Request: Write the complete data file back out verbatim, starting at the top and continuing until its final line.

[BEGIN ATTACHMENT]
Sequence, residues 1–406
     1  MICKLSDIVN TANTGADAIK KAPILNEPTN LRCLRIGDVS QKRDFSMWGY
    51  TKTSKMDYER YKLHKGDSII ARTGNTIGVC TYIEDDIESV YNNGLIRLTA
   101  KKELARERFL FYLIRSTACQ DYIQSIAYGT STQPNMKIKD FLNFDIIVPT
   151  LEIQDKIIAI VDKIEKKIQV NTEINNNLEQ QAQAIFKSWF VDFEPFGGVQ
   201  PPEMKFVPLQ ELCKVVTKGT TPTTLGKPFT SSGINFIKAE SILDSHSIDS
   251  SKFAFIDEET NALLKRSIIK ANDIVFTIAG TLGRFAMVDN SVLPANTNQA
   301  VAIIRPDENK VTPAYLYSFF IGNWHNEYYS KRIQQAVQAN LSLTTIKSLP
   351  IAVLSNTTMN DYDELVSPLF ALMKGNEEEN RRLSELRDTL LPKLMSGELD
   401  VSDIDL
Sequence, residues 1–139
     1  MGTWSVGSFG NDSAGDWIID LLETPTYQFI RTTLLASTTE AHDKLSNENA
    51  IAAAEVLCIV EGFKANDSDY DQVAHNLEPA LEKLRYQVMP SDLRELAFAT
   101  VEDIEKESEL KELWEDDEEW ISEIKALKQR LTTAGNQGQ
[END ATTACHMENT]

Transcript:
Sequence, residues 1–406
     1  MICKLSDIVN TANTGADAIK KAPILNEPTN LRCLRIGDVS QKRDFSMWGY
    51  TKTSKMDYER YKLHKGDSII ARTGNTIGVC TYIEDDIESV YNNGLIRLTA
   101  KKELARERFL FYLIRSTACQ DYIQSIAYGT STQPNMKIKD FLNFDIIVPT
   151  LEIQDKIIAI VDKIEKKIQV NTEINNNLEQ QAQAIFKSWF VDFEPFGGVQ
   201  PPEMKFVPLQ ELCKVVTKGT TPTTLGKPFT SSGINFIKAE SILDSHSIDS
   251  SKFAFIDEET NALLKRSIIK ANDIVFTIAG TLGRFAMVDN SVLPANTNQA
   301  VAIIRPDENK VTPAYLYSFF IGNWHNEYYS KRIQQAVQAN LSLTTIKSLP
   351  IAVLSNTTMN DYDELVSPLF ALMKGNEEEN RRLSELRDTL LPKLMSGELD
   401  VSDIDL
Sequence, residues 1–139
     1  MGTWSVGSFG NDSAGDWIID LLETPTYQFI RTTLLASTTE AHDKLSNENA
    51  IAAAEVLCIV EGFKANDSDY DQVAHNLEPA LEKLRYQVMP SDLRELAFAT
   101  VEDIEKESEL KELWEDDEEW ISEIKALKQR LTTAGNQGQ